`ONCE we have stabilized the political situation and have the economy going again, the foreigners will again come knocking on our door.'' So said Deng Xiaoping at a conclave of leaders on June 9, 1989, which acclaimed the massacre of liberal protesters five days earlier in Tiananmen Square. Less than two years after Mr. Deng, China's paramount leader, ordered an Army assault on Beijing, foreign envoys have indeed come calling.
Britain, Japan, and the Soviet Union this month dispatched their foreign ministers to Beijing, and Australia and France plan to do so in the coming weeks. Three ranking US officials have come to the capital since December.
British Foreign Secretary Douglas Hurd leaves China today after attempting to dispel the lame-duck image of the Hong Kong government. He has sought assurances from Beijing that it will not meddle in the administration of the colony before it regains sovereignty in 1997.
Japanese Foreign Minister Taro Nakayama left Beijing yesterday after attempting to influence China's support of rebels in Cambodia's civil war, an issue Tokyo has seized on to bolster its prestige in the region.
The visits mark the end to a ban on high-level meetings, the most prominent of the remaining sanctions that the West imposed after the crackdown. Only a limit on the sale of weaponry and related technology is still in force.
Meanwhile, China continues to flout the human rights standards that the West used to justify the diplomatic freeze, say diplomats, foreign policy experts, and human rights organizations.
In fact, official press reports indicate that China's leaders have reinforced its repressive security apparatus.
"Eighteen months ago one would not have guessed that they could have done as well [diplomatically] as they have done," says Michel Oksenberg, professor of political science at the University of Michigan.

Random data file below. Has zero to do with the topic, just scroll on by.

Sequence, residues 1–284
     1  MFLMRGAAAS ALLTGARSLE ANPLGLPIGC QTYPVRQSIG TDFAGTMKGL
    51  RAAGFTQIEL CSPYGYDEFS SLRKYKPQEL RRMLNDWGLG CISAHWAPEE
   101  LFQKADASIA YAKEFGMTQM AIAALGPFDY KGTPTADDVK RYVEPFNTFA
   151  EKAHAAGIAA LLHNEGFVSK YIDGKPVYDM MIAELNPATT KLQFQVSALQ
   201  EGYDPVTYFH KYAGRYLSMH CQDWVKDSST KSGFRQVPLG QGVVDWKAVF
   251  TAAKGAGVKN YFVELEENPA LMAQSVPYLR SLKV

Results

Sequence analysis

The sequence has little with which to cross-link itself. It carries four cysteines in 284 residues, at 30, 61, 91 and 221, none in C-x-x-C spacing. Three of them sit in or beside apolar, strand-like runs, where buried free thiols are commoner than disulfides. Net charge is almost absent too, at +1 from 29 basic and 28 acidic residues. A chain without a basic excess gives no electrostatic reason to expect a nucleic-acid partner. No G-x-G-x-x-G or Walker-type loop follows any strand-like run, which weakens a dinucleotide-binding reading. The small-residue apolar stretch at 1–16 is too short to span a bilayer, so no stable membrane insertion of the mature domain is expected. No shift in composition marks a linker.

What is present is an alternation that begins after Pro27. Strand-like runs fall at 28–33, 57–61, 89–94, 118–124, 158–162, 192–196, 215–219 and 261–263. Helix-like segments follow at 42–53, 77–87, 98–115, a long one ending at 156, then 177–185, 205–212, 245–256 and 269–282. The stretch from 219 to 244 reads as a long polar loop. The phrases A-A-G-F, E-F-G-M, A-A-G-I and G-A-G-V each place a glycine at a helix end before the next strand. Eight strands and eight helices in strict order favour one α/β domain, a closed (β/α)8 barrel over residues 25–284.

The foreign policy success of China has primarily been in damage control. It still has far to go in restoring its global influence and esteem to the level it enjoyed before the carnage in Tiananmen Square, according to the diplomats and experts.
Also, China has failed to shape a coherent foreign policy for a rapidly shifting world order in which communism is in retreat and the lone superpower is a capitalistic democracy, they say.
"They have repaired some of the damage" since the Tiananmen crackdown, says Dr. Oksenberg, who served on the National Security Council under the Carter administration. "But they haven't done what really needs to be done and that's build a framework for a foreign policy commensurate with China's needs and capabilities in the 21st century."
China has regained some of its standing in part by relying on its limited influence on some regional issues to lure the attention of foreign envoys, say the diplomats and foreign policy experts.
First, Beijing has masked its human rights abuses with propaganda and secrecy, following the slogan nei jin, wai song, or "loose on the outside, tight within."
While quietly locking up at least 1,000 liberal activists, the leadership has widely publicized comparatively light jail terms for leaders of the pro-democracy movement. Chinese government figures alone indicate that more than 355 dissidents are held without trial in Beijing, according to a report released in February.
Also, Beijing has subordinated doctrinaire Marxism to raw national interest in pragmatic dealings with other countries.
For example, Beijing has improved relations with Moscow, although in internal documents it condemns Soviet leader Mikhail Gorbachev as a traitor to communism. Similarly, Beijing has called for better relations with Washington while castigating it for allegedly trying to supplant communism and install democracy and capitalism in China.
Moreover, China has exploited its role as a "swing factor" in the Gulf and Cambodia.
Western diplomats heavily lobbied Beijing for support in punishing Iraq and leashing the Khmer Rouge rebels in Cambodia. China's diplomats used that courting as leverage for heaving Beijing out of isolation.
The recent visits by foreign ministers and high level US officials have underscored that powerful countries cannot ignore China without neglecting some crucial concerns.
US officials have met with their Chinese counterparts over such key matters as trade, missile proliferation, and Cambodia, as well as human rights.